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Joined: 25 Mar 2008
Tue Jul 01, 2008 10:42 pm
So all those scam emails with laughable English and ridiculous
claims of lottery wins, NOK, ASEM, check mule jobs, and all of that
crap are coming from people who are so darn savvy that they
know how to forge headers? How likely is that, considering the
not-so-arduous process of opening a Yahoo mail account?
Return-Path: <[email protected]>
Delivered-To: [email protected]
Received: (qmail 1000 invoked from network); 22 Jun 2008 17:13:10 -0000
Received: from unknown (HELO mail-relay1.yahoo.com) (220.127.116.11)
by mail10.dslextreme.com with SMTP; Sun, 22 Jun 2008 10:13:10 -0700
Received: from seamaster.cc.kana.corp.yahoo.com (seamaster.cc.kana.corp.yahoo.com
by mail-relay1.yahoo.com (8.13.8/8.13.8/mr1) with SMTP id m5MHD93n019446
for <[email protected]>; Sun, 22 Jun 2008 10:13:09 -0700 (PDT)
DomainKey-Signature: a=rsa-sha1; s=care; d=cc.yahoo-inc.com; c=nofws; q=dns;
Message-Id: <[email protected]>
Date: Sun, 22 Jun 2008 10:13:09 -0700
To: <[email protected]>
Subject: Re: Nigerian scam from Spain (KMM73068523V94661L0KM)
From: Yahoo! Mail <[email protected]>
Reply-To: Yahoo! Mail <[email protected]>
Content-Type: text/plain; charset = "us-ascii"
X-Mailer: KANA Response 18.104.22.168.15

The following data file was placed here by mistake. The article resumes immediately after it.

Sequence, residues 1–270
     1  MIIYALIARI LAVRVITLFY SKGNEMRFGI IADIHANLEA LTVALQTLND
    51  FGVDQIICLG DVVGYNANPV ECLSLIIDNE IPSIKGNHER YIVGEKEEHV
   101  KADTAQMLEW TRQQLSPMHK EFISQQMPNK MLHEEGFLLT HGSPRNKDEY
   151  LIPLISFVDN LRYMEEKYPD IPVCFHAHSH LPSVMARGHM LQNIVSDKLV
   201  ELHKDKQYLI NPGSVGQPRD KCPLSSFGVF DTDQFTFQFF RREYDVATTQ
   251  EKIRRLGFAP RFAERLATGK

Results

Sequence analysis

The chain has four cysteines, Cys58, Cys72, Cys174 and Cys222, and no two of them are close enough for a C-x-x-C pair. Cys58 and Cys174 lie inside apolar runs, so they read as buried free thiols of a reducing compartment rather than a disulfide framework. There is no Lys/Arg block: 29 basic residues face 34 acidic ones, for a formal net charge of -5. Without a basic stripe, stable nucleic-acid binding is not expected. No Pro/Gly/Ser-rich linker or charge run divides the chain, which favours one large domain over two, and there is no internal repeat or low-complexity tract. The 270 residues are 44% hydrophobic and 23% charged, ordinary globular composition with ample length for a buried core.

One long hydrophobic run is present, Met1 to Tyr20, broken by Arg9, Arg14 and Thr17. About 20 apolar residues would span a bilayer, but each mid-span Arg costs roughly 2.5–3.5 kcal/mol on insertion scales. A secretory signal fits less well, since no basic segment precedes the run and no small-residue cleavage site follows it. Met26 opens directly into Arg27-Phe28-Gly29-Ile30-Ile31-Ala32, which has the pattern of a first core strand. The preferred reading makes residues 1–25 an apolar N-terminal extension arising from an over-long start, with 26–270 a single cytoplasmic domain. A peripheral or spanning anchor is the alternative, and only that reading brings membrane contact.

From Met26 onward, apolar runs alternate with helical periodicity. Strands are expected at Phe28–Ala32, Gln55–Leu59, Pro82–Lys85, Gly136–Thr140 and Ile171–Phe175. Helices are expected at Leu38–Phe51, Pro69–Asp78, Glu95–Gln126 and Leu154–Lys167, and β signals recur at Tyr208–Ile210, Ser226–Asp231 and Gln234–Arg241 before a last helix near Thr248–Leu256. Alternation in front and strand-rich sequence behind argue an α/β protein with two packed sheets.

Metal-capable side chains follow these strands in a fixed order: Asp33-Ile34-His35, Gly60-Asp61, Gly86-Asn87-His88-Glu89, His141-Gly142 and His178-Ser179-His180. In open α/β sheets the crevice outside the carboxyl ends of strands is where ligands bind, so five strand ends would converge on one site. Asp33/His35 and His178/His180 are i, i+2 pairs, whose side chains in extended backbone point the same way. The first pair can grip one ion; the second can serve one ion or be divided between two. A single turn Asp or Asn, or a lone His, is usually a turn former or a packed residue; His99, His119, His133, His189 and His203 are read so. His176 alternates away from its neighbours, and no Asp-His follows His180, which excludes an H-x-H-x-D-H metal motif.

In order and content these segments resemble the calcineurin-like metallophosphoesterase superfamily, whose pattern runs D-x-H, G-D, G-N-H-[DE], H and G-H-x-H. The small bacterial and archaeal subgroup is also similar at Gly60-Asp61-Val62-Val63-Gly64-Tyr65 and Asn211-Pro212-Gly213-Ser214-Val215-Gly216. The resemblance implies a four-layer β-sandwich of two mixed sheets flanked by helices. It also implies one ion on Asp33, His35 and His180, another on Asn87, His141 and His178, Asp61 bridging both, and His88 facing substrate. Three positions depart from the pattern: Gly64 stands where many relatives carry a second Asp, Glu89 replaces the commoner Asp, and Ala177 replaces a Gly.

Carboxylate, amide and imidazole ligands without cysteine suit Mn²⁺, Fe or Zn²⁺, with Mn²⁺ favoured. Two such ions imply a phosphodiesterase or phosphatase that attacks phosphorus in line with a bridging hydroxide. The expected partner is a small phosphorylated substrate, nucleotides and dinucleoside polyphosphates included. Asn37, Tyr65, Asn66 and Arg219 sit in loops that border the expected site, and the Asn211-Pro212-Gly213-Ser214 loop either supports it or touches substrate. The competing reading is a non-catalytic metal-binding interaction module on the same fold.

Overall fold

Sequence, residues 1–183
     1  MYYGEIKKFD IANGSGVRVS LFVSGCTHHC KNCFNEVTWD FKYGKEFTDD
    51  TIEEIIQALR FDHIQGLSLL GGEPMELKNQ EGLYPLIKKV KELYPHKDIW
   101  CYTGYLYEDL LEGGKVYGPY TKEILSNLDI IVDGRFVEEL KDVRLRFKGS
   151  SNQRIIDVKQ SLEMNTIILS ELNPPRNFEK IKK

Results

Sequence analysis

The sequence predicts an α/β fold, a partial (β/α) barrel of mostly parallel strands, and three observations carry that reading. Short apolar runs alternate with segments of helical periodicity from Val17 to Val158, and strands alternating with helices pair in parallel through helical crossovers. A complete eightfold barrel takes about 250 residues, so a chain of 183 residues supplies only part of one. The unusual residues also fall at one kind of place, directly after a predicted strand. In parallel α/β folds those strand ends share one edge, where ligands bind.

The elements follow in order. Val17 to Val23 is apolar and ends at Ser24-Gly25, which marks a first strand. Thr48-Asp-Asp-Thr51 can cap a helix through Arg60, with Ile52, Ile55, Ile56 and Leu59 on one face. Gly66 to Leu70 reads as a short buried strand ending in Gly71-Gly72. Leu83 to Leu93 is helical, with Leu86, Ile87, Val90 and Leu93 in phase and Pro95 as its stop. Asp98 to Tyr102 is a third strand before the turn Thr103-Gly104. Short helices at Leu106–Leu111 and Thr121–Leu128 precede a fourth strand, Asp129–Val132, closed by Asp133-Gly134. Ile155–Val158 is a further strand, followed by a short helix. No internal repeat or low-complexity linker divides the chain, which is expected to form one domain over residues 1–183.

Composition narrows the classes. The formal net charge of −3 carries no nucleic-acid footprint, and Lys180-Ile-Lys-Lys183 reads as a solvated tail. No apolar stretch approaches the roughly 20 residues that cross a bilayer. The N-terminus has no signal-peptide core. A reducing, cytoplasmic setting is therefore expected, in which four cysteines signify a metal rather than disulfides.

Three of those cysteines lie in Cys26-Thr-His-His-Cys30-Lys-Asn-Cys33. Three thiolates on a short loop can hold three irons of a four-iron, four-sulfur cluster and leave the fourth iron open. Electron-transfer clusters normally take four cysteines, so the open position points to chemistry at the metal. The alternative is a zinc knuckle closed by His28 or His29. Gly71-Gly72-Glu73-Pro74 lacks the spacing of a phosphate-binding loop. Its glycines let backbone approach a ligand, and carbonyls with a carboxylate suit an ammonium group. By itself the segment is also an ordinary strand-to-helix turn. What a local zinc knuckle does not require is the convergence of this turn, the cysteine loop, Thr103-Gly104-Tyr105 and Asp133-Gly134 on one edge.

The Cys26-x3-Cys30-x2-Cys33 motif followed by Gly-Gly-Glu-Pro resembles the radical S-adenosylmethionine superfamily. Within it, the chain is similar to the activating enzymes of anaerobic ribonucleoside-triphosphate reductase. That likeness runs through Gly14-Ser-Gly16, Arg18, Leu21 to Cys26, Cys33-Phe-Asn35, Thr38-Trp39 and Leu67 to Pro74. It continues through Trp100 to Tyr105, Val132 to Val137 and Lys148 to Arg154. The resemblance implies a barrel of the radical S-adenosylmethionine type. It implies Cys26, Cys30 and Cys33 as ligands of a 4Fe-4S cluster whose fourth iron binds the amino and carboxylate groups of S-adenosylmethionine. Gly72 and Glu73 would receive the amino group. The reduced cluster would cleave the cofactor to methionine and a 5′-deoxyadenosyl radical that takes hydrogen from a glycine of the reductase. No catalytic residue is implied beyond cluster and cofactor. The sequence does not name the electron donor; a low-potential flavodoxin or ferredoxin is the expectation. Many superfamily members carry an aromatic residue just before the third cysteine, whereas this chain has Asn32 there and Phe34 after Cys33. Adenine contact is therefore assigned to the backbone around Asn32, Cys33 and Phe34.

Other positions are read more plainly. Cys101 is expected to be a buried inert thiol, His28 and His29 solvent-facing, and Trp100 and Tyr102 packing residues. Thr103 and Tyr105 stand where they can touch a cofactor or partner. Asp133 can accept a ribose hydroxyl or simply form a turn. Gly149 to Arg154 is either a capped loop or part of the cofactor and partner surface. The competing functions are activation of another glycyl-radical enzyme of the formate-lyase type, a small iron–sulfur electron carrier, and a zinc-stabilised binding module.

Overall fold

We are sorry for the time it has taken to respond to your email. Due to
an internal issue for which we apologize, we are just now responding to
your message. Even though significant time has passed, we want to
address your comments, as we take all abuse reports seriously.
Mass distribution of unsolicited email messages, or "spamming", violates
the Yahoo! Terms of Service (TOS).
After investigation, we have determined that this email message did not
originate from the Yahoo! Mail system. It appears that the sender of
this message forged the header information to give the impression that
it came from the Yahoo! Mail system.
We take the operation of Yahoo! Mail very seriously. Unfortunately,
there is no control over messages sent through other email systems and
it's not possible to preempt the misuse of the Yahoo! name in forged
headers. While Yahoo! cannot technically prevent its domain from being
forged in the headers of an email message, actions have been taken
against companies in an effort to prevent further forgery of the Yahoo!
brand and to seek damages as appropriate. Individuals are strongly
discouraged from forging the Yahoo! domain in the future and appropriate
action will be taken as necessary.
In addition, please visit the following website for useful tools to
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